1.7 Electric field in conductors

            1.8 Capacity and capacitors. Association of capacitors.


2.- Electric current

            2.1 Intensity and current density

            2.2 Law of Ohm. Electric conductivity.

            2.3 Resistance association. Joule effect

            2.4 Batteries

            2.5 DC circuits. Kirchhoff Rules

            2.6 Charging and discharging a capacitor


3.- Magnetostatic

            3.1 Magnetic force Lorentz Force

            3.2 Moment about current turns. Hall effect.

            3.3 Law of Biot-Savart.

            3.4 Force between circuits: Ampere law

            3.5 Magnetism of matter.


4.- Electromagnetism

            4.1 Electromagnetic induction. Law of Faraday-Lenz

            4.2 Inductance. Magnetic field energy

            4.3 Generalized Ampere Law.

            4.4 Eqs. of Maxwell.

            4.5 Electromagnetic wave equation.

            4.6 Electromagnetism and relativity


5.- Alternating current circuits

            5.1 Effective value. fasores

            5.2 Circuits without generator (LC, RLC)

            5.3 Circuits with generator (RLC)



This course offers a diversified education, with the different training activities described below. The work hours that are specified for each training activity correspond to an average student. Naturally, not all students need the same time to learn concepts and carry out certain activities, so the distribution of time should be understood as guidance. In this subject, the active student participation is a key tool to enhance learning beyond simple repetition and memorization. We believe it is very important that the student prepares the class before attending, since undoubtedly this active participation will improve your learning. To facilitate this active attitude, at the beginning of the course students are given a table with the calendar of the different sessions, indicating, each day, the type of training activity what will take place and its content. The students will know the first day that, for example, on May 5 they will be explained in a master class the Faraday-Lenz law.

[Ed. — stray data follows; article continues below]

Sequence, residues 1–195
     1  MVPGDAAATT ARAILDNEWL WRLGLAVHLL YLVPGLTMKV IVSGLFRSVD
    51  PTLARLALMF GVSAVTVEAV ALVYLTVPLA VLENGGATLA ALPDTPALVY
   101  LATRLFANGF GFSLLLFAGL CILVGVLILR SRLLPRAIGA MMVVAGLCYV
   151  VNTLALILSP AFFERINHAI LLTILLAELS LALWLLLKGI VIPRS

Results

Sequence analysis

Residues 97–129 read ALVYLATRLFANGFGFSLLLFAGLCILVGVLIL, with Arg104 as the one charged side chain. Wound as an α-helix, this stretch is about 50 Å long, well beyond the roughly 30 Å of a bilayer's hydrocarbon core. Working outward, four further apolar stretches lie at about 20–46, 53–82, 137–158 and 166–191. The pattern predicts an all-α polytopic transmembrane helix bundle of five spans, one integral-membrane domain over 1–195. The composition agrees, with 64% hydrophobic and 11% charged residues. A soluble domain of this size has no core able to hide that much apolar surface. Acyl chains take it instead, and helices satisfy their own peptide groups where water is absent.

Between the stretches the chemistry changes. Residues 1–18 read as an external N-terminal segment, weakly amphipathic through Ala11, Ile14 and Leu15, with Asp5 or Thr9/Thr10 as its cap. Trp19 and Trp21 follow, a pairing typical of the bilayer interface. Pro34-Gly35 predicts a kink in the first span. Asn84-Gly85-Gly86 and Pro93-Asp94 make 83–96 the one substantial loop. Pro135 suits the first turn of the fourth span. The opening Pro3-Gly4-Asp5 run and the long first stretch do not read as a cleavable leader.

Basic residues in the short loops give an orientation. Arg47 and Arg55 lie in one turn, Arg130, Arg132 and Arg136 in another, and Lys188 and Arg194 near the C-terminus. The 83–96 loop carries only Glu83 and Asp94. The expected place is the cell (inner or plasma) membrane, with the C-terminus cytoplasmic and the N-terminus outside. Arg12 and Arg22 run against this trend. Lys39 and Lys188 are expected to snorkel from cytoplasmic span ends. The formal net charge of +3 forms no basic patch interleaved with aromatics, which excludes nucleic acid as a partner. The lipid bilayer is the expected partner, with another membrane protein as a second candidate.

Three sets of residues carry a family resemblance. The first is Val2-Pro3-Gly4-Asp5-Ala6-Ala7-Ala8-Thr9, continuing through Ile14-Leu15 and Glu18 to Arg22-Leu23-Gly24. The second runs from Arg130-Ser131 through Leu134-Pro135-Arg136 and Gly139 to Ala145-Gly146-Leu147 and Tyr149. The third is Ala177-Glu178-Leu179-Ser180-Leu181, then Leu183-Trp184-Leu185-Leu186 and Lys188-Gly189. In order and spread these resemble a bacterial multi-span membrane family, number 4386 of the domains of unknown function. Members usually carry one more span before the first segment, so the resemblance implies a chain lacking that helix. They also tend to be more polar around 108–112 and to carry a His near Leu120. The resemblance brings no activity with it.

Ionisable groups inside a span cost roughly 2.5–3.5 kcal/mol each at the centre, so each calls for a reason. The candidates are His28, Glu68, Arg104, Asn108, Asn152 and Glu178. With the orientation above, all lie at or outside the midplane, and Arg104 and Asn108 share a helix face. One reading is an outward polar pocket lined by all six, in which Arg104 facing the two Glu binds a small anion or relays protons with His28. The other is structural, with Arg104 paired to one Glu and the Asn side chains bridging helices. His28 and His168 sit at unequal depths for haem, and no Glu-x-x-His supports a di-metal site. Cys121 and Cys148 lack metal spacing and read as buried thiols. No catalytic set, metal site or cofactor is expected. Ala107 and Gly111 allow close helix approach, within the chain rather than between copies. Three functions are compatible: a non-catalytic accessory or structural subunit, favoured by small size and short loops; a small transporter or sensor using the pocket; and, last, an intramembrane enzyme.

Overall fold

Directed training activities:

Lectures: Classes in which the theory teacher explains the most relevant concepts of each subject. The students will have the transparencies of the master class in pdf format in advance and inside the UAB's virtual campus. In order to make the most of master class sessions, it is very important that the student read before attending each session the material accessible on the network (virtual campus) corresponding to that session, as well as the reference text pages where the concepts of the session are explained. Most lessons will also include conceptual tests.